|Man Without Qualities|
Tuesday, August 24, 2004
An astute reader e-mails an excellent observation:
Both Bumiller and Zernike and Alessandra Stanley's articles in today's New York Times contain a phrase revolve around the concept of "substantiated." The Bumiller and Zernike article calls the Swift Boat Veterans' charges "mostly unsubstantiated" while Stanley says the charges "have not been substantiated."
It was my understanding that in the newspaper business, "substantiated" simply meant independent sources who said the same thing. While there is a lot of dispute about the charges, there are numerous eyewitness sources unconnected with the two authors of Unfit for Command who have made these charges. Of course, to call the charges "disputed," as they should be, would cast the controversy in an entirely different light, because no one thinks it is wrong to air "disputed" charges; the name we have for that process is called an election.
Does the Times have a different meaning of "substantiated" than the one I understand?
The Times seems to be treating the testimony of everyone who endorses the Swiftee accusations - even the testimony of actual, live witnesses on the scene in South East Asia - as incapable of substantiating the "unsubstantiated" Swiftee accusations against John Kerry. If so, that would be more than odd. How would the Times apparent terminology work in other contexts? For example, is a murder conviction that is proved "only" by the testimony of accusing eyewitnesses really an "unsubstantiated" conviction or one that is "mostly unsubstantiated" or one that has "not been substantiated" - even where the courts find that the crime has been proved beyond a reasonable doubt by exactly that testimony, which often happens? By way of another example, the Constitution provides that no Person shall be convicted of Treason unless on the Testimony of two Witnesses to the same overt Act, or on Confession in open Court. Would the Times report that a conviction of "treason" on the testimony of two eye witnesses to an overt act was "unsubstantiated?" (Of course, just to be clear, no one is suggesting that John Kerry ever committed treason, although he did accuse himself of committing war crimes.) The Swiftees do seem to have many more than two witnesses testifying for many of their accusations.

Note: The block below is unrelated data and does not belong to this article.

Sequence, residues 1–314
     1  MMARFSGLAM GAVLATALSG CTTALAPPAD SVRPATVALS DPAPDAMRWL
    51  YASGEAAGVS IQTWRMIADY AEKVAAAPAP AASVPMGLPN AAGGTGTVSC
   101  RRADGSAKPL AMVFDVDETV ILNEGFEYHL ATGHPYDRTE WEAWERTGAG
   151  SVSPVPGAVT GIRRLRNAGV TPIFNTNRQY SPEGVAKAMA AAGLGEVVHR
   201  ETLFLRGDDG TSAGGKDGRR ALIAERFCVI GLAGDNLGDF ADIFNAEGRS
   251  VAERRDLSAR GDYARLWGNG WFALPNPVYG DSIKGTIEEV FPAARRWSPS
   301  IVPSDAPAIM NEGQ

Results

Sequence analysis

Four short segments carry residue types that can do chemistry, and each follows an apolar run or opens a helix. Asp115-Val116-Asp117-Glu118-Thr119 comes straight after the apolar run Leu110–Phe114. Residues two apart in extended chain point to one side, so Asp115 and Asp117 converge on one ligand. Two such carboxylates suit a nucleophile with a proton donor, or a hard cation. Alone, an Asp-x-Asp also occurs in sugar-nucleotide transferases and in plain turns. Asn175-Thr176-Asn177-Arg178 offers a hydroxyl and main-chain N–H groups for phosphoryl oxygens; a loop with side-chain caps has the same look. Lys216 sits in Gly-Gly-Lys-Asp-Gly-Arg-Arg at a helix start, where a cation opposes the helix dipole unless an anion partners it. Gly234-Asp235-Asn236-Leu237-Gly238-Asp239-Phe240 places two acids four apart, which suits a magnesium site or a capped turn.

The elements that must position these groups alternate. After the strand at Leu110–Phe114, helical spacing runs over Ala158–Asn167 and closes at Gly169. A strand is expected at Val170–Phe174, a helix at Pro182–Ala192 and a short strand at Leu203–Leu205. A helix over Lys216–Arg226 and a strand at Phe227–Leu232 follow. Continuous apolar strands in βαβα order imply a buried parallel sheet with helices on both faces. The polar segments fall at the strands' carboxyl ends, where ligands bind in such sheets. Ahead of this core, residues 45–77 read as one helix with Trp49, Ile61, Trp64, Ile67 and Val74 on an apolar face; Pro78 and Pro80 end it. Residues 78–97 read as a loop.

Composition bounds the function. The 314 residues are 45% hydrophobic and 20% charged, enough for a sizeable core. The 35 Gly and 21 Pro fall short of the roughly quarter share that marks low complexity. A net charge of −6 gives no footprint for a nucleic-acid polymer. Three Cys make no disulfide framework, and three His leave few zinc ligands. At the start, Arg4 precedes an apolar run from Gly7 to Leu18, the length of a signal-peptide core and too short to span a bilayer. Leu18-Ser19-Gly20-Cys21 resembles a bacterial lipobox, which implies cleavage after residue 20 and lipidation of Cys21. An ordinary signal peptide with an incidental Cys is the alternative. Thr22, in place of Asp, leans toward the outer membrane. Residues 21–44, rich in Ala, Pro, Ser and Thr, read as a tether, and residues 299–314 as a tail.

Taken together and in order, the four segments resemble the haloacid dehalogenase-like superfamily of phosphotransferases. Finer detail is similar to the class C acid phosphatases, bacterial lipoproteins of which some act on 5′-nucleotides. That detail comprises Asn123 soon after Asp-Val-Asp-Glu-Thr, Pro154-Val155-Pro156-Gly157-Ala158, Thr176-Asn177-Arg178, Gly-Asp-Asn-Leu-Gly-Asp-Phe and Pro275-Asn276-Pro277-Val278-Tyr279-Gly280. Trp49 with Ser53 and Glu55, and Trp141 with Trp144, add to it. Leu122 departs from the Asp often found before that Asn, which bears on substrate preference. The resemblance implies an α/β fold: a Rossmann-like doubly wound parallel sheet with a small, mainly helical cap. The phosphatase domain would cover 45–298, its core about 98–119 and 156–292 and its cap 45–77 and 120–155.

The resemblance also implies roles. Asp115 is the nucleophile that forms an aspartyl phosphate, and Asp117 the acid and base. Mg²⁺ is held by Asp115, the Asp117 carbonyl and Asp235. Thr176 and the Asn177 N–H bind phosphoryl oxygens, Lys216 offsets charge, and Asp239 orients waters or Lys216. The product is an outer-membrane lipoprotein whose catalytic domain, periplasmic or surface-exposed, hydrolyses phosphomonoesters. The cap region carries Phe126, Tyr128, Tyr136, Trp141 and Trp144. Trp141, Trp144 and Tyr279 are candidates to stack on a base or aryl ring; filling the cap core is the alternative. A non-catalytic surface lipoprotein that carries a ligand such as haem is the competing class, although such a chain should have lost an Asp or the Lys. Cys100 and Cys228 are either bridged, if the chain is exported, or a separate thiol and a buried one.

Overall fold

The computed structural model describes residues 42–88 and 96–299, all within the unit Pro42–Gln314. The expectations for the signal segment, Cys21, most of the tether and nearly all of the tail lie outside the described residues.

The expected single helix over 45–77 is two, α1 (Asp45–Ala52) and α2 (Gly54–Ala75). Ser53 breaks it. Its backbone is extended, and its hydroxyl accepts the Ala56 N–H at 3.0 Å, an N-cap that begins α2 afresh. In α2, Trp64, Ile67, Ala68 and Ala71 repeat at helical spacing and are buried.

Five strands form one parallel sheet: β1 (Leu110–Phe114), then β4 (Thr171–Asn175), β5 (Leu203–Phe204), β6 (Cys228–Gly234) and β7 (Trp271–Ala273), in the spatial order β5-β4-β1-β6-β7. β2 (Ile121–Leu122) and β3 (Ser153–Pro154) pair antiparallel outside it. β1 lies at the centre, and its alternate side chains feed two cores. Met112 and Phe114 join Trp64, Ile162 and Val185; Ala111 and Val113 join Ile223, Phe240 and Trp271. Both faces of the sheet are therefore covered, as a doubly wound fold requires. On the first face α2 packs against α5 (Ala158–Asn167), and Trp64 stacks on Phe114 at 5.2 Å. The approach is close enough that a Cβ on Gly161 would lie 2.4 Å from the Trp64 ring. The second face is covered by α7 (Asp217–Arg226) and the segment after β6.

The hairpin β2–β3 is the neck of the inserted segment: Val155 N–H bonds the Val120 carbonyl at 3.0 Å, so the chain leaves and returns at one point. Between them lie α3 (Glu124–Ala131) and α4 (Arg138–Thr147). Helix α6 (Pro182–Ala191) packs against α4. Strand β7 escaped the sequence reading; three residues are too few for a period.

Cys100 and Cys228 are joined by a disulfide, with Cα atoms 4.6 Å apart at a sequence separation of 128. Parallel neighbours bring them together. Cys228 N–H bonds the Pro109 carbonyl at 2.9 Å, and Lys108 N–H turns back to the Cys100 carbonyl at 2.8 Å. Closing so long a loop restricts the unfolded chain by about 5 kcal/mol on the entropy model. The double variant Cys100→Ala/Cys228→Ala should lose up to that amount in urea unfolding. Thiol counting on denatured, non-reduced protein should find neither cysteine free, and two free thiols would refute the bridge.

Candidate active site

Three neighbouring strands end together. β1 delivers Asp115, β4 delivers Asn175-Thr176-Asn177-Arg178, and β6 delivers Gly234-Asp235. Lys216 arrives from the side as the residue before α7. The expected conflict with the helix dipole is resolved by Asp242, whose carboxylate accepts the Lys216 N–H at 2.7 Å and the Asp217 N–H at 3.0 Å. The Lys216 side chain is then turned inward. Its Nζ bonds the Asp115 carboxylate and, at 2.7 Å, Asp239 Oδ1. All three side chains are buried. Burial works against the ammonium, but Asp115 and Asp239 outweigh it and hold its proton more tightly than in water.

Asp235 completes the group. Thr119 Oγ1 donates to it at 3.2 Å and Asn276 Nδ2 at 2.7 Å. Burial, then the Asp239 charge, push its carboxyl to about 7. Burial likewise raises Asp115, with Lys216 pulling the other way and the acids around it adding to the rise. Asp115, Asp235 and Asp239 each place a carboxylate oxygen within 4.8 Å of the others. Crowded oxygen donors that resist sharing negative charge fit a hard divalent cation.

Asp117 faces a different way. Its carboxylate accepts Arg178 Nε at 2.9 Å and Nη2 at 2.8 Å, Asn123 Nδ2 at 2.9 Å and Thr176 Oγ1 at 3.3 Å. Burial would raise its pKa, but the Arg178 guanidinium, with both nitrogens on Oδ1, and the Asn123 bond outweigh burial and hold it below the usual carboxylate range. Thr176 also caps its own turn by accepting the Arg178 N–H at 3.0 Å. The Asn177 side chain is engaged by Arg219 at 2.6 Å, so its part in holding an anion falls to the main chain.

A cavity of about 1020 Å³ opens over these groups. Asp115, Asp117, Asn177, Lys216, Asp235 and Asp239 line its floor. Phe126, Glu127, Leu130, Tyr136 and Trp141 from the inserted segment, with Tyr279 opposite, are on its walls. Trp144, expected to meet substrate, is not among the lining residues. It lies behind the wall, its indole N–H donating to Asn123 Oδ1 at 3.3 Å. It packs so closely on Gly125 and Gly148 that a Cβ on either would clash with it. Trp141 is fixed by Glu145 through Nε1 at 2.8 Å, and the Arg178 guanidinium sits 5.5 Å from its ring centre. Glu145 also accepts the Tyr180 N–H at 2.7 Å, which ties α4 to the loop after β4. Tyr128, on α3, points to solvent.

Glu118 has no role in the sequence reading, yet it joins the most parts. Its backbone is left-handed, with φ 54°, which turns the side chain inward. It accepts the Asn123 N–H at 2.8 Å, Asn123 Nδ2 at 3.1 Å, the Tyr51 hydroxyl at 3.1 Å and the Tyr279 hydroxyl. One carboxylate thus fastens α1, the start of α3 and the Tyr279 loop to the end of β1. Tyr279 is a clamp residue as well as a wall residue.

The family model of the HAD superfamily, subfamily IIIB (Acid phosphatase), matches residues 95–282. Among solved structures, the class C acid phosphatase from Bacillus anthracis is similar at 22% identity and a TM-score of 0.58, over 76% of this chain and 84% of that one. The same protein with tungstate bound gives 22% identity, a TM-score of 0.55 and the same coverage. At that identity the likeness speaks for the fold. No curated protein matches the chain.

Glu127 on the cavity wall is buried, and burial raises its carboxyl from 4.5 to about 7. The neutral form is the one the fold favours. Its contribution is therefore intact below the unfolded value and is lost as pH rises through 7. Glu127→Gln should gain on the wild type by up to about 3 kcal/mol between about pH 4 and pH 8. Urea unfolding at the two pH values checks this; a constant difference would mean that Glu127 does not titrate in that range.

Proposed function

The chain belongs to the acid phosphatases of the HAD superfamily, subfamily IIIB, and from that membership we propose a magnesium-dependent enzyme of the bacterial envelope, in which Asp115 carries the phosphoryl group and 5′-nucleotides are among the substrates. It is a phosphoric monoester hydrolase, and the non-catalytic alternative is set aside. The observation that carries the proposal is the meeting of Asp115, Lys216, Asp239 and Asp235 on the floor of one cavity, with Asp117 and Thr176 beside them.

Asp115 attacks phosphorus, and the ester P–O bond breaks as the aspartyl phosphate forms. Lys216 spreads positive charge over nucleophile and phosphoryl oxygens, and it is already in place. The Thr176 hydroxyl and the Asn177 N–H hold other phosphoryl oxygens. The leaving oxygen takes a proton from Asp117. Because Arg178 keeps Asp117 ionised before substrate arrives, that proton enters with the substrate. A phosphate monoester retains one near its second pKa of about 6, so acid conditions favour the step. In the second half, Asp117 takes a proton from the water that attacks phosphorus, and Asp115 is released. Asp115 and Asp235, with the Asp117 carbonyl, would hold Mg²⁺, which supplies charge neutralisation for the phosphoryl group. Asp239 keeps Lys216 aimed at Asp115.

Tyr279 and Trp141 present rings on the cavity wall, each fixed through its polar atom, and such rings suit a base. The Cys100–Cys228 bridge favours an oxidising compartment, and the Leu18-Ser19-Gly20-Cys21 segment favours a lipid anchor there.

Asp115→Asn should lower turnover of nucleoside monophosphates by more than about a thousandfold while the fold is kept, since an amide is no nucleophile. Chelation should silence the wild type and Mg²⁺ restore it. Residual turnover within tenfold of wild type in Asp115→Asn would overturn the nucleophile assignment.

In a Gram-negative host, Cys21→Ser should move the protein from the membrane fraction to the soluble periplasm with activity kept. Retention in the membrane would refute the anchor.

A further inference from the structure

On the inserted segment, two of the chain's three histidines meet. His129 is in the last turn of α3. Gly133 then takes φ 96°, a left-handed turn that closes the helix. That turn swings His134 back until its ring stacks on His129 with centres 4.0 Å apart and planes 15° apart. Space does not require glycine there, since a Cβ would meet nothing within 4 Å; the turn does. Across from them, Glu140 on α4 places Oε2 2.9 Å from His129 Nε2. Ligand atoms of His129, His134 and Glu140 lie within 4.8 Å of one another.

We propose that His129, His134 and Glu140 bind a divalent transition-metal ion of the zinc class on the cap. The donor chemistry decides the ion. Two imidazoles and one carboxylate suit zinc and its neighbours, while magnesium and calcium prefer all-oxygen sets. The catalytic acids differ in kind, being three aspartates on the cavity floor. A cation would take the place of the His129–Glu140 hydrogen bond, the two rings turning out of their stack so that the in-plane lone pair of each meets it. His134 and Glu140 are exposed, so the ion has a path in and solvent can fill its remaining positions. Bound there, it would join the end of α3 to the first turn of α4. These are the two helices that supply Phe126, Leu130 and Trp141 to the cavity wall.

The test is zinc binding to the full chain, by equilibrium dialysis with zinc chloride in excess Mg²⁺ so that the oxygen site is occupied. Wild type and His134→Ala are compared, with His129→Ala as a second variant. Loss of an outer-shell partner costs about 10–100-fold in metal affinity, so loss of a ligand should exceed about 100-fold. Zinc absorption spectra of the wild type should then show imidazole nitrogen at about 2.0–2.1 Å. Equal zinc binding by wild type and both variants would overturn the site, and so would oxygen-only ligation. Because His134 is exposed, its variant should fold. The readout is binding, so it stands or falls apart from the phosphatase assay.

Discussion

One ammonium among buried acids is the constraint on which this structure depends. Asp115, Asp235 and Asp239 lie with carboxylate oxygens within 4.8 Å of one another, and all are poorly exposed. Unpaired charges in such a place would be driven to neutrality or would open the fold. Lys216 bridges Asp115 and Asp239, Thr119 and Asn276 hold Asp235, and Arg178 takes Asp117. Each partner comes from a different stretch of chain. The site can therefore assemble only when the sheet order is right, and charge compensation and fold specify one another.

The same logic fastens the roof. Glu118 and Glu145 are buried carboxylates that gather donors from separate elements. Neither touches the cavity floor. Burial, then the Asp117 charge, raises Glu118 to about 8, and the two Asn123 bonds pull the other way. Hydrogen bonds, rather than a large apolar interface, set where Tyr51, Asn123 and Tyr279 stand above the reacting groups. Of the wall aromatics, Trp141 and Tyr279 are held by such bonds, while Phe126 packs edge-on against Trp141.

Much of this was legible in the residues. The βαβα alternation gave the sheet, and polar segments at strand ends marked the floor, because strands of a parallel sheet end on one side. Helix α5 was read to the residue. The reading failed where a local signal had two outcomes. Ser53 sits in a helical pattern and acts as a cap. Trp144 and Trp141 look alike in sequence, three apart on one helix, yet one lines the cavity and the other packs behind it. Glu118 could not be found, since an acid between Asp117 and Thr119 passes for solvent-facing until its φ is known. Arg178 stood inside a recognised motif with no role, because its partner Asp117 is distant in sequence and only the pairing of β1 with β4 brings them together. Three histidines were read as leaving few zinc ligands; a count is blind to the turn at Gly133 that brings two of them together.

The Times terminology would be especially odd in this case because at least some of John Kerry's exploits on which some of his honors were predicated seem to be documented only by his own word. In other words, those honors were documented not just by the testimony of only one witness, but of a highly interested witness with a big conflict of interest. In the curious apparent argot of the Times, that would seem to make at least some of those honors "mostly unsubstantiated" or lead to a conclusion that the honors "have not been substantiated." Is that the conclusion the Times or Kerry-Edwards wants the public - or the language - to accept?
Strange it was. Passing strange.
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